BREWSTER — With the holiday season fast approaching, the Animal Rescue League of Boston (ARL) is releasing “The Kennel-9.”
This is a public awareness and safety campaign to help ensure pets are properly cared for while in boarding.
Currently, there are no statewide regulations that govern kennels and pet daycares in Massachusetts.
The ARL and other animal welfare organizations are advocating for standards that would mandate the creation of new state laws to protect pets.
The bill, S. 114, H. 1774: An Act to Protect the Health and Safety of Puppies and Kittens in Cities and Towns, is sponsored by Senator Harriett Chandler and Representative Linda Dean Campbell.
Cape and Islands Senator Julian Cyr is co-sponsoring H. 114, while Barnstable 4th District Representative Sarah Peak and Barnstable 5th District Representative Randy Hunt are co-sponsors of H. 1774.
The ARL has reportedly witnessed a number of incidents involving animals in kennels who have been injured, sometimes fatally, due to insufficient facilities, staff training or protocols.
“There are many quality boarding houses throughout Massachusetts, but unfortunately, due to a lack of statewide standards and regulations, the Animal Rescue League of Boston recommends pet owners to company to do their homework and ask the right questions to make sure their pet is safe,” said ARL President Mary Nee.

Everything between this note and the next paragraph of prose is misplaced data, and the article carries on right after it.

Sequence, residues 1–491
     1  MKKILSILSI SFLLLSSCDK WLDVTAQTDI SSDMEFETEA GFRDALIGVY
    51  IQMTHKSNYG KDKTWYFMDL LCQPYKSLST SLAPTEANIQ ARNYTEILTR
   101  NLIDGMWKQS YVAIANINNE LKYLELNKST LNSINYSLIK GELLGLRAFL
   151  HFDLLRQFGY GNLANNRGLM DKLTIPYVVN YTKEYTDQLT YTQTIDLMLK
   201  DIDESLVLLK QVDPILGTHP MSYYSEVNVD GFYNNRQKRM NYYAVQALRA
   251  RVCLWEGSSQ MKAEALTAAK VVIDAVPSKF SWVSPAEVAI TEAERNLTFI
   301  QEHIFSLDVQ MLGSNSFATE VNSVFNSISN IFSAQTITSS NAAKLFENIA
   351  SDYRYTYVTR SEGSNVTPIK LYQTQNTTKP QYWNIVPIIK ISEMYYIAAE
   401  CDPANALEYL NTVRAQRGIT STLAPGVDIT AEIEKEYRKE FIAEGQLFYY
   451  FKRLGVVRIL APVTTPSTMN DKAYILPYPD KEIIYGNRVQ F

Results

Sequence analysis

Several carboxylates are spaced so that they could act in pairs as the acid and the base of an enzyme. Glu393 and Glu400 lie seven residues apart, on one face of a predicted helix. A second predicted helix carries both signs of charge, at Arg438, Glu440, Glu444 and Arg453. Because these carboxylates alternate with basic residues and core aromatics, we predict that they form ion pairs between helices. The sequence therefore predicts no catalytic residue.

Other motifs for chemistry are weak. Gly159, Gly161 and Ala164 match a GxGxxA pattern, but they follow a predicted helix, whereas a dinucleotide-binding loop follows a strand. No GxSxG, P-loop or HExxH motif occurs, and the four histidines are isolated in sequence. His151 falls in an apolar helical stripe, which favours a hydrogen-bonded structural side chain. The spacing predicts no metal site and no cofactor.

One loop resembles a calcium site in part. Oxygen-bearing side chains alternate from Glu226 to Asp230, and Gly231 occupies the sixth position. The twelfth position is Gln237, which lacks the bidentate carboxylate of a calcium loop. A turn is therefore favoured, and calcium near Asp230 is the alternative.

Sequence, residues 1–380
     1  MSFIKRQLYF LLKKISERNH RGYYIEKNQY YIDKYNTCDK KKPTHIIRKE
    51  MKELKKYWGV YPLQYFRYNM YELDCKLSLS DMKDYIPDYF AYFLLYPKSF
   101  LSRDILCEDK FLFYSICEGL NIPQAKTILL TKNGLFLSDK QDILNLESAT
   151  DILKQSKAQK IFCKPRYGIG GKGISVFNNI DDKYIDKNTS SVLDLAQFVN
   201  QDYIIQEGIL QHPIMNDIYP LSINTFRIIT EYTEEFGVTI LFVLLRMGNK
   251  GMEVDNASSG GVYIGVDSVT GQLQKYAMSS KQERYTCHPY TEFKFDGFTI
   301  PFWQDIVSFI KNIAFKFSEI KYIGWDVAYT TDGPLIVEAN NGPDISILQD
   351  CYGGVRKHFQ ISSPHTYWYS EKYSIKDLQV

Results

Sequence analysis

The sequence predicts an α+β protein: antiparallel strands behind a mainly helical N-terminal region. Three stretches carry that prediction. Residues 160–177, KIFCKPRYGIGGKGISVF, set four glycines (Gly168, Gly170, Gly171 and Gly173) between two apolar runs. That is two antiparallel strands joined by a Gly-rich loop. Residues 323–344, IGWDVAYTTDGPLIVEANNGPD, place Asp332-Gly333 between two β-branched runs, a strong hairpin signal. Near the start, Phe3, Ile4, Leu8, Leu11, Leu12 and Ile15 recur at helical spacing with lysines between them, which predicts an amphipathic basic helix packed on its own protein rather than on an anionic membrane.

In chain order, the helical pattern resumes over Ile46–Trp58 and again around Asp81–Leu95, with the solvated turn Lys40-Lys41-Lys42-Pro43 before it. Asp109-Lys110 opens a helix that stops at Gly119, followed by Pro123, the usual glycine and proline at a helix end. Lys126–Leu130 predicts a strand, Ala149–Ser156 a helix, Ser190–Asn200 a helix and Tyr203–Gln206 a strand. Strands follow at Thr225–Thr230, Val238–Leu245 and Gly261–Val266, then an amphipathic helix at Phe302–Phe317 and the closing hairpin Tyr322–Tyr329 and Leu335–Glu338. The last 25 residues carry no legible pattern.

The ARL urges owners of research animals as much as possible and to keep these nine considerations in mind when boarding their pets:
- See for yourself. Can you see the kennels and common areas where your pet will be boarded? During your pet’s stay, can you monitor it remotely via webcam?
- Sound the alarm. Does the facility have a written emergency response procedure in the event of fire, power failure, or natural disaster? Is the kennel equipped with fire and carbon monoxide detectors, sprinkler systems and a backup generator?
- License, please. Does the kennel have a current business license issued by a city or local town? According to the license, how many animals can be boarded at the same time? How many animals are currently housed?
- In case of medical emergency. Are you contacted if your pets experience an unexpected medical condition or injury? Is there a veterinarian on staff or does the facility have a duty veterinarian? Do you sign a waiver authorizing the treatment of your animal?
- CCM. What is the staff/animal ratio? Is there 24 hour onsite supervision? If not, are the animals monitored by video camera? What is the training or experience of staff caring for animals?
- Social circle. Do the dogs play together in the common areas? Are these playgroups supervised at all times? Are the dogs grouped by size and/or temperament? Can you choose not to include your dog in group activities?
- Infection precautions. Does the facility require up-to-date vaccination records for all residents? What documentation is required for your pet to be admitted?
- Feline friends. Does the facility allow cats and are they separated from the sight and sound of dogs?
- Get it in writing. Will the property provide you with written documentation of their procedures or confirmation of any special requests for your pet?